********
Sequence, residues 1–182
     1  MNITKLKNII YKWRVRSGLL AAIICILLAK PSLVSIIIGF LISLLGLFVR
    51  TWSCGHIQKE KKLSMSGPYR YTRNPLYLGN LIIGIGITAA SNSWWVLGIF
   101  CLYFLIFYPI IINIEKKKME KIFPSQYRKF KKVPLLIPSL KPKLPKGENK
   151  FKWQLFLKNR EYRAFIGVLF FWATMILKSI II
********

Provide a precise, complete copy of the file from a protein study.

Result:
Sequence, residues 1–182
     1  MNITKLKNII YKWRVRSGLL AAIICILLAK PSLVSIIIGF LISLLGLFVR
    51  TWSCGHIQKE KKLSMSGPYR YTRNPLYLGN LIIGIGITAA SNSWWVLGIF
   101  CLYFLIFYPI IINIEKKKME KIFPSQYRKF KKVPLLIPSL KPKLPKGENK
   151  FKWQLFLKNR EYRAFIGVLF FWATMILKSI II